When you have too much free time
1 Twin Peaks, Vols. 1-6 (1990-91, Republic, unrated)
Just pop in some episodes of David Lynch’s anti-narrative TV serial in any order at all — they’re so baffling, it makes little difference — and you’ll fall right into a waking dream state.
2 Berlin Alexanderplatz (1980, Facets, unrated)
You’d have to feel listless to dive into Rainer Werner Fassbinder’s elliptical 15 1/2-hour epic about an ex-con (Gunter Lamprecht) in late-’20s Berlin. But you’ll be rewarded: It’s got sumptuous cinematography and evocative atmosphere for days — and we mean days.
3 Shoah (1985, Paramount, unrated)
How many tapes? Five. And they run? In total, 9 1/2 hours. What is it, a Holocaust documentary? It’s a series of question-and-answer sessions with eyewitnesses who detail the specifics of the Nazis’ death camps. And the little questions illuminate larger truths? Inexorably and indelibly.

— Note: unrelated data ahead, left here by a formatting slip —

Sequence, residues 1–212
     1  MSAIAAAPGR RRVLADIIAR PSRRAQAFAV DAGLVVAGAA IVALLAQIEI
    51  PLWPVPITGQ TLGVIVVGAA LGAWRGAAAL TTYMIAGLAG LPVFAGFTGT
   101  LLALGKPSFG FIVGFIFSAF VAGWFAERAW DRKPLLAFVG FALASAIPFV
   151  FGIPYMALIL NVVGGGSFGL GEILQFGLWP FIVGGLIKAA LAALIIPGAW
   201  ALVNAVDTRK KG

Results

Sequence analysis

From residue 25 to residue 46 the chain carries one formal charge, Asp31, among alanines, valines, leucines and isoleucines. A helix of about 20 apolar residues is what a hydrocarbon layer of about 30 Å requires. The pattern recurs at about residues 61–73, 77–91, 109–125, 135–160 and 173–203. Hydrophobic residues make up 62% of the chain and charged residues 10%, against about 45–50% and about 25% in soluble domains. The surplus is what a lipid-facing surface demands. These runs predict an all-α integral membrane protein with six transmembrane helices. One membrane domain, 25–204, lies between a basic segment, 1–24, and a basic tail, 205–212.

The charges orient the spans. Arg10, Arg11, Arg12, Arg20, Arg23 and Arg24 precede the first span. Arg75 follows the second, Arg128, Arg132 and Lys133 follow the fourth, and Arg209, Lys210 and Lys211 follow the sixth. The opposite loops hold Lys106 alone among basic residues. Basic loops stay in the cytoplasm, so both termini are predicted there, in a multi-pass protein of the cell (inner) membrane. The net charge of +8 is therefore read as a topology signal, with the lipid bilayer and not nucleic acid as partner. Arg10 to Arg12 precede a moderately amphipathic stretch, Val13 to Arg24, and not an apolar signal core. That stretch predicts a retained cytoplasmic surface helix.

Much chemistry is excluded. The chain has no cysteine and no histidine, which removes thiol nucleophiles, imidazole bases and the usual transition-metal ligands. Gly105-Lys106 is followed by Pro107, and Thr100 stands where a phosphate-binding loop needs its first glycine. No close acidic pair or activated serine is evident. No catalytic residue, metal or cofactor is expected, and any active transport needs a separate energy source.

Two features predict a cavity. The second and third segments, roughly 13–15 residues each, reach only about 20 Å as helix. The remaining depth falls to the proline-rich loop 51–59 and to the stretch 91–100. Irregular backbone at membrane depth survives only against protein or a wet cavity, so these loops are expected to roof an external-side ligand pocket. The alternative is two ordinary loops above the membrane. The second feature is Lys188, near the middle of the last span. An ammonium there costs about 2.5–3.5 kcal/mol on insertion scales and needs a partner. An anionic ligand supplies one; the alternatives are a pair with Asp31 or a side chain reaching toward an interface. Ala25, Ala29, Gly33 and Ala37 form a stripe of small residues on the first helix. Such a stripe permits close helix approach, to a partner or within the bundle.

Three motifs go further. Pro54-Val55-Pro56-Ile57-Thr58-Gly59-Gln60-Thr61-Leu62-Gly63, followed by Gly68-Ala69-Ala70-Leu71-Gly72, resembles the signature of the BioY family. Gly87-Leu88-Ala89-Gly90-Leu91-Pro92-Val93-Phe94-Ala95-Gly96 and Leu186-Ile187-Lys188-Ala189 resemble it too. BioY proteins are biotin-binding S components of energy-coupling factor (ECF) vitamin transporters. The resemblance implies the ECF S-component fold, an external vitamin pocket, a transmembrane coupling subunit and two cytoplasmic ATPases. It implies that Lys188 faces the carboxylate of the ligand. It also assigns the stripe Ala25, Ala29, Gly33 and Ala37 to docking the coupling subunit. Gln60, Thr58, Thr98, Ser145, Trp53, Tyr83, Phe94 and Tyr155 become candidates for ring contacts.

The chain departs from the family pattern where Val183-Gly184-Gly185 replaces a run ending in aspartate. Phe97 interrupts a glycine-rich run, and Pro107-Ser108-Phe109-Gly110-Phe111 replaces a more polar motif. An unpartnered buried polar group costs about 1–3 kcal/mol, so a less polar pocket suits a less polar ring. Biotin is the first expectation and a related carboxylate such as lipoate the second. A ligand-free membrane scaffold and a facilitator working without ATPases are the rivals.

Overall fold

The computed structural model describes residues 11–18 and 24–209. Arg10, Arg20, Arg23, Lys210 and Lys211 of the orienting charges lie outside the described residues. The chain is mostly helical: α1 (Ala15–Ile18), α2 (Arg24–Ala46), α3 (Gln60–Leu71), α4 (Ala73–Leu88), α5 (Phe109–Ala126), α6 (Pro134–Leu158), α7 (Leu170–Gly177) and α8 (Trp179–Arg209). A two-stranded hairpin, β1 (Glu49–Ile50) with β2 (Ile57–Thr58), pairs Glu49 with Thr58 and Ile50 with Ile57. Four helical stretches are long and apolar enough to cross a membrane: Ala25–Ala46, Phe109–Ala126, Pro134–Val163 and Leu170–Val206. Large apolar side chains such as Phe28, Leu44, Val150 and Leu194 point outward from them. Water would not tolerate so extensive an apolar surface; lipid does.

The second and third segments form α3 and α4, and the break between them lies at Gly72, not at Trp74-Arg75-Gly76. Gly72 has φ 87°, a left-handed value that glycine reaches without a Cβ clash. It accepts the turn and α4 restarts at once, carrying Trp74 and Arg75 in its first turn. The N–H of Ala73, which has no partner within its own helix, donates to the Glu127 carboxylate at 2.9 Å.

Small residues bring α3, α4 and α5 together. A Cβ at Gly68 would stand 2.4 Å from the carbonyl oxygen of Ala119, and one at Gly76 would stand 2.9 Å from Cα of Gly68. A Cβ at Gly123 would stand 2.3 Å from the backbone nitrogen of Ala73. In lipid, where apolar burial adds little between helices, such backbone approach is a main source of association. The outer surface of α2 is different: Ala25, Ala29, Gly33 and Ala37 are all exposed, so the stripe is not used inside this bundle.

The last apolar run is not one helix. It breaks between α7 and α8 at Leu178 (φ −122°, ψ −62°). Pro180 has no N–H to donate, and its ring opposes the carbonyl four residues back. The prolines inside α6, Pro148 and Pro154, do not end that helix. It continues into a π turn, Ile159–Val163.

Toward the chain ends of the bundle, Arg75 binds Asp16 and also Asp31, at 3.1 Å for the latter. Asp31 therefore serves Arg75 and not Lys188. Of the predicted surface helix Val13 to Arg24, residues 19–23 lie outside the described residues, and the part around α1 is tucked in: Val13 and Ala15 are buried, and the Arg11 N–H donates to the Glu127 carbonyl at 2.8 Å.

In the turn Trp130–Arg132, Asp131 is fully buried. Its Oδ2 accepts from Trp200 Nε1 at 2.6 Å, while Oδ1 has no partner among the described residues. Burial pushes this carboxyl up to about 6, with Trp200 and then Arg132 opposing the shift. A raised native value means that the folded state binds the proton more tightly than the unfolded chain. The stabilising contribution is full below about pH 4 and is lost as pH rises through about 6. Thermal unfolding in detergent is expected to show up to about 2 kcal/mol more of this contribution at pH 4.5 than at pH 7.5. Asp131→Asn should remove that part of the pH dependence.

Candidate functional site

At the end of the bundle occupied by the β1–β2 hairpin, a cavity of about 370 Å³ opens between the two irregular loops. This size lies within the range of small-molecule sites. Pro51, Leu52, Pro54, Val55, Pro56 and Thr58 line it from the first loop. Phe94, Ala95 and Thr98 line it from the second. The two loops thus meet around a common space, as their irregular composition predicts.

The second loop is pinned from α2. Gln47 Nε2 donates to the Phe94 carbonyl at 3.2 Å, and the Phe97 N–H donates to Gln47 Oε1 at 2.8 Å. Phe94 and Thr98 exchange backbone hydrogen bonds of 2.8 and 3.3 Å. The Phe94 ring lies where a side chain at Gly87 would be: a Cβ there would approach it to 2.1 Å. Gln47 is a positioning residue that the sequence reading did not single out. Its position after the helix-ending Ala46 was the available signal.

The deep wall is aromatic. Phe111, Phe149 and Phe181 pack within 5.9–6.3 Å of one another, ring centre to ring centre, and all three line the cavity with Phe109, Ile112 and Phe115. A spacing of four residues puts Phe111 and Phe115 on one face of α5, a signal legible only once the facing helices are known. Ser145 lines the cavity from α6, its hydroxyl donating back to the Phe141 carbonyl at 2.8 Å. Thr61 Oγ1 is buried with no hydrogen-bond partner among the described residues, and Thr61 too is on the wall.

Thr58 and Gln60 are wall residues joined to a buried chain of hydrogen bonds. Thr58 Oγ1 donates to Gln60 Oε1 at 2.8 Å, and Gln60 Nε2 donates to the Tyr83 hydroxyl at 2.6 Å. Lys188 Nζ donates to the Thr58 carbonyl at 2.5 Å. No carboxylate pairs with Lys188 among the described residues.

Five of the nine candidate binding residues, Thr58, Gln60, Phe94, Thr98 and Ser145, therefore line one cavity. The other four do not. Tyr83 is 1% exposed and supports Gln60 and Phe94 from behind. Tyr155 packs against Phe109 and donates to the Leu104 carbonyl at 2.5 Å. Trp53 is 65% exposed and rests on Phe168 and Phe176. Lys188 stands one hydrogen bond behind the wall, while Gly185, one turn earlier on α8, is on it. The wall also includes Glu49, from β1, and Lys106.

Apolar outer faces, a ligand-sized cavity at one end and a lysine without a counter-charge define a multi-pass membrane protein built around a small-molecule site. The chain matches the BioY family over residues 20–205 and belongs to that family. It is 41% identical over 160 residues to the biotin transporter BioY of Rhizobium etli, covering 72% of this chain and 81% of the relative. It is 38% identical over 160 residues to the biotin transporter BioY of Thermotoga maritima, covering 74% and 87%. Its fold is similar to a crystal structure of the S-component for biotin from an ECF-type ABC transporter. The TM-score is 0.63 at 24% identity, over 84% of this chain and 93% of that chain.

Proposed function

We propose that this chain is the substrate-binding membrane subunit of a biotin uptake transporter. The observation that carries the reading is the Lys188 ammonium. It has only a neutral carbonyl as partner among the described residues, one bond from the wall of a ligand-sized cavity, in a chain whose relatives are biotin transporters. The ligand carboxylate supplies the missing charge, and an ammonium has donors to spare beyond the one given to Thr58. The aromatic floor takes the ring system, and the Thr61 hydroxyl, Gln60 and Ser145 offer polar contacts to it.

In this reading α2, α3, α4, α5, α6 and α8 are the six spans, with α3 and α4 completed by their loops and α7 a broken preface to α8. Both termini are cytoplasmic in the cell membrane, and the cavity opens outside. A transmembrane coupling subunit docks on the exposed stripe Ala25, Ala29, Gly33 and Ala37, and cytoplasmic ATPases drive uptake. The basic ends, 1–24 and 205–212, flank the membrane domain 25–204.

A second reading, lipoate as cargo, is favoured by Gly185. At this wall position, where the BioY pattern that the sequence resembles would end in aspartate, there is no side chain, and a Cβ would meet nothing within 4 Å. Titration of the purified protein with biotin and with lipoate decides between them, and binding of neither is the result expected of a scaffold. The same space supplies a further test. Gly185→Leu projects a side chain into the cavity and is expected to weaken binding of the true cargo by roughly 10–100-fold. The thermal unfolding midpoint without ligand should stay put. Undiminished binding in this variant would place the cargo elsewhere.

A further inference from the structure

4 War and Peace (1967, Kultur, unrated)
Seemingly no page in Tolstoy’s classic is left unadapted in this six-hours-plus Soviet superproduction, which plays much more satisfyingly in the subtitled version than in an awkwardly dubbed one (just say nyet to any abridged versions, too).
5 Terminator 2: Judgment Day-Special Edition (1991/93, Pioneer/Carolco/LIVE laserdisc, unrated)
Sixteen extra minutes flesh out the bond between John Connor (Edward Furlong) and his cyborg guardian (Arnold Schwarzenegger). But it’s the exhaustive making-of section that proves James Cameron may need to get a life even more than you do.
By Jason Cochran, Steve Daly, Glenn Kenny, Lois Alter Mark, Chris Nashawaty, Tim Purtell, Michael Sauter, and J.R. Taylor